Following the release of the latest CIPS/IHS Markit Construction PMI figures this morning (Thursday 4 June), we gauge the reaction from various leading industry figures, as the sector strives to overcome the challenges posed by the Covid-19 pandemic.
Brendan Sharkey, Head of Construction and Real Estate at MHA MacIntyre Hudson, says the government should cut VAT and stamp duty and further delay the introduction of the domestic reverse VAT charge to sustain the sector
“We’re starting to see an uplift in activity but more activity does not necessarily mean more profit. Housebuilders in particular will be looking over their shoulders at the unemployment figures. If unemployment starts to rise we’ll see a corresponding fall in demand for new properties, which would ultimately lead to redundancies at construction sites.
“Businesses are treading carefully and don’t want to spend more than they have – cash is king. It’s positive that firms are watching their cashflow carefully, but of course a lack of investment will also work against any sudden uptick in demand.
“To help smooth the path back to profitability the government should lower VAT and stamp duty to stimulate the housing market, and invest in infrastructure. It should also delay again the imposition of the domestic reverse VAT charge*, currently scheduled to kick in on 1st October 2020.
“The reverse charge is not so onerous that it will itself cause businesses to fail but many companies have failed to adequately prepare for it. As the reverse charge directly impacts cashflow it could bring down otherwise viable but ill-prepared companies. Given it has already been delayed once, in less trying circumstances, logic suggests the government should press pause again.”
* The domestic reverse charge is a major change to the way VAT is collected in the building and construction industry. It means that the customer receiving the service will have to pay the VAT due to HMRC instead of paying the supplier of the service. It was originally scheduled to come into force on 1 October 2019 and has been delayed for 12 months to 1 October 2020.
Brian Berry, Chief Executive of the FMB, also believes that the declining construction activity outlined by the figures means the new VAT policy should be delayed.
“Small to medium-sized (SME) builders are safely returning to work, but important social distancing measures on sites are understandably hampering productivity. That this is having an impact on cashflow means it’s essential that the Government delays its introduction of reverse charge VAT by at least one year. This disruptive tax change risks hitting SMEs the hardest at a time when we need to protect jobs and livelihoods. Delaying this policy would acknowledge that SMEs provide the bedrock of the industry and help support the recovery of the construction sector.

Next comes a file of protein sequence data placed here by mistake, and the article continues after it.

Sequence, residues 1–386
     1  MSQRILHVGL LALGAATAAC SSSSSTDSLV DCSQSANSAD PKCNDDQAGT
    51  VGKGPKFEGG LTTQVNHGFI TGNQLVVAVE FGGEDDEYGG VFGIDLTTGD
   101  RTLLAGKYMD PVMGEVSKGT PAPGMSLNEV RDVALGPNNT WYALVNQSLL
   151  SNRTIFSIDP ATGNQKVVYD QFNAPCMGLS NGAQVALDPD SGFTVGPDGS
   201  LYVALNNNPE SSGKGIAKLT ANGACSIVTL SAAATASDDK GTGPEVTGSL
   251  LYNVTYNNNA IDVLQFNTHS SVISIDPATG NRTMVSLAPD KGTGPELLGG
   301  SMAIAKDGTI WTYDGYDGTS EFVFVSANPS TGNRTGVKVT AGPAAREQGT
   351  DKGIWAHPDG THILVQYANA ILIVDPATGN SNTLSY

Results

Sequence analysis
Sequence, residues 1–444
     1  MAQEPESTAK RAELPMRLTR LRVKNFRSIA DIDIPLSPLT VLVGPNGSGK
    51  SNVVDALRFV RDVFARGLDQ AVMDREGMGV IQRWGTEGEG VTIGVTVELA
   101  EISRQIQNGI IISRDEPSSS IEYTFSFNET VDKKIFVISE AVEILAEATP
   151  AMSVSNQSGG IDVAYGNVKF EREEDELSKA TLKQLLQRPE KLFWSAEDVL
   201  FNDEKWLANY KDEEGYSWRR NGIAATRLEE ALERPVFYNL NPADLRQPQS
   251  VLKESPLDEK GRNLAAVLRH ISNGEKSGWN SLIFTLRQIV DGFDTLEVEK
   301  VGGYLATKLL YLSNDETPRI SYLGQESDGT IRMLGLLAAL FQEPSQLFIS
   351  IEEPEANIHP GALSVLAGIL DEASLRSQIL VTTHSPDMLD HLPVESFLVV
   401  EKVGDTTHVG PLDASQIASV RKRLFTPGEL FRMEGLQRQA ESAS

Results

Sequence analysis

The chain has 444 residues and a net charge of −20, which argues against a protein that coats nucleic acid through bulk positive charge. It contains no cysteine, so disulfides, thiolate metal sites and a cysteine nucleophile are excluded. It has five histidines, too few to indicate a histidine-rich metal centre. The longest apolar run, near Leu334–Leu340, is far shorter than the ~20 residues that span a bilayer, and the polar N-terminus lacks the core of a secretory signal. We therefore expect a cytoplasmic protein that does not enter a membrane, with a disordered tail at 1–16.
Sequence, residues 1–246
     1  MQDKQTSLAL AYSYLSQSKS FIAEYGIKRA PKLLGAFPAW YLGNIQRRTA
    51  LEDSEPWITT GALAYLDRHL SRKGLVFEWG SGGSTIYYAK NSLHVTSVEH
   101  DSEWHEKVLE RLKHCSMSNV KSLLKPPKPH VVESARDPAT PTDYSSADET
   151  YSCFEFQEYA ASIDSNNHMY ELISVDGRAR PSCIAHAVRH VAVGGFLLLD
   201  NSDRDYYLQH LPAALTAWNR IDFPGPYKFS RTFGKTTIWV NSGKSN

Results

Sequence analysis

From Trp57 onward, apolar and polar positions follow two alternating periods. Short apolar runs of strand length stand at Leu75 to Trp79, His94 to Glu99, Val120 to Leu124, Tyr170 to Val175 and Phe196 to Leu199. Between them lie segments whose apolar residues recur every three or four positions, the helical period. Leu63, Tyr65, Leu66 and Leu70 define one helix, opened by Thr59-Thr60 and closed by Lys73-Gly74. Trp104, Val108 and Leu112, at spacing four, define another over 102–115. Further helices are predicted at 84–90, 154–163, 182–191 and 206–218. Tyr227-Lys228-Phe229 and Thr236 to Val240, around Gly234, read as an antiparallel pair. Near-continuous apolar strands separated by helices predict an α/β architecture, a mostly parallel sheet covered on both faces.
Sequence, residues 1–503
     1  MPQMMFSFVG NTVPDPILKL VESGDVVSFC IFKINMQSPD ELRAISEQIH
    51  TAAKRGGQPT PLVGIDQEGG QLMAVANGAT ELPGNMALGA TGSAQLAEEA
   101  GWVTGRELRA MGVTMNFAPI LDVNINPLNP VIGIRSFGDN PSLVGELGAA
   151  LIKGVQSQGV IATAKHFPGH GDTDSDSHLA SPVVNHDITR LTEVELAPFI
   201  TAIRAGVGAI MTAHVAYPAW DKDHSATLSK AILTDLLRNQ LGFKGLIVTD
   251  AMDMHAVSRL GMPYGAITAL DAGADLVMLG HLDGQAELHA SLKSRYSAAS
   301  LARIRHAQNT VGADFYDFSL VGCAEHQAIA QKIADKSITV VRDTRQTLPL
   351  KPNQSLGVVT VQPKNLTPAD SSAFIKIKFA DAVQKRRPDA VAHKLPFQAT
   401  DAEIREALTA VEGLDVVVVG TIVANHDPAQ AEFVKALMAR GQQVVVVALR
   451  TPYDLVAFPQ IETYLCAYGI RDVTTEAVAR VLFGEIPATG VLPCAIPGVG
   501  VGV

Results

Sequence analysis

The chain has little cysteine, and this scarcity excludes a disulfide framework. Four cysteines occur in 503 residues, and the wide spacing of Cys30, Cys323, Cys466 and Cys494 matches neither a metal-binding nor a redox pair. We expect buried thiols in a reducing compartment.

“Looking ahead, we know that further support will be necessary to ensure SMEs lead the recovery of the industry. I’m calling for several key interventions, including a national retrofit strategy which will help us to reach net zero carbon and create jobs. I also want to see barriers removed for local house builders so they can bring forward more homes, and greater support for SMEs to train apprentices. These firms operate across the country, are crucial to their local economy and are therefore central to the Government’s ‘levelling-up’ agenda.”
Meanwhile Kate Kirby, Construction & Infrastructure Partner at global legal business, DWF, also commented on the CIPS/IHS Markit construction PMI figures for May 2020.
“Today’s figures unsurprisingly show a decrease in UK construction output in May. Despite some strong signs of recovery earlier in the year, the Covid-19 pandemic has hit hard. One of the biggest issues facing the sector, which has largely remained active during the Covid-19 pandemic, is the shortage of access to materials and appropriate subcontractors.
“There is a natural assumption that the sector would see a significant rise in claims and become very contentious, however, it seems generally relations between clients and their construction teams are very good and there is a willingness to act collaboratively to eliminate conflict and preserve commercial relations.
“There is clear support from the Government for the construction sector and they are actively looking to accelerate projects as part of the economic recovery plan. In a post–pandemic world, there will still be a requirement for more homes, urban regeneration, improved infrastructure, improved offices, retail space and more distribution facilities. We all know from past downturns that a robust construction sector will emerge but how and when, we just do not know. “
For his part, Gareth Belsham, Director of the national property consultancy and surveyors Naismiths, commented:
“Yes it’s awful, but crucially it’s less awful than April’s data. No-one is talking of green shoots, but some are daring to hope that the worst of the pain may be past.
“New orders are drying up and two thirds of construction firms saw activity fall across the month, but the pace of job losses is easing.
“With construction sites now reopened, albeit running at reduced efficiency as contractors implement social distancing rules, the question is moving to how badly will productivity suffer.
“Shortages of materials are forcing up input costs and steadily tightening the vice on contractors, so it’s little wonder sentiment has barely budged from April’s low.
“Pushing the restart button on a halted project is never easy, but there is at least the sense that the current teething problems are the industry’s first steps on the long road to the post-Covid world.”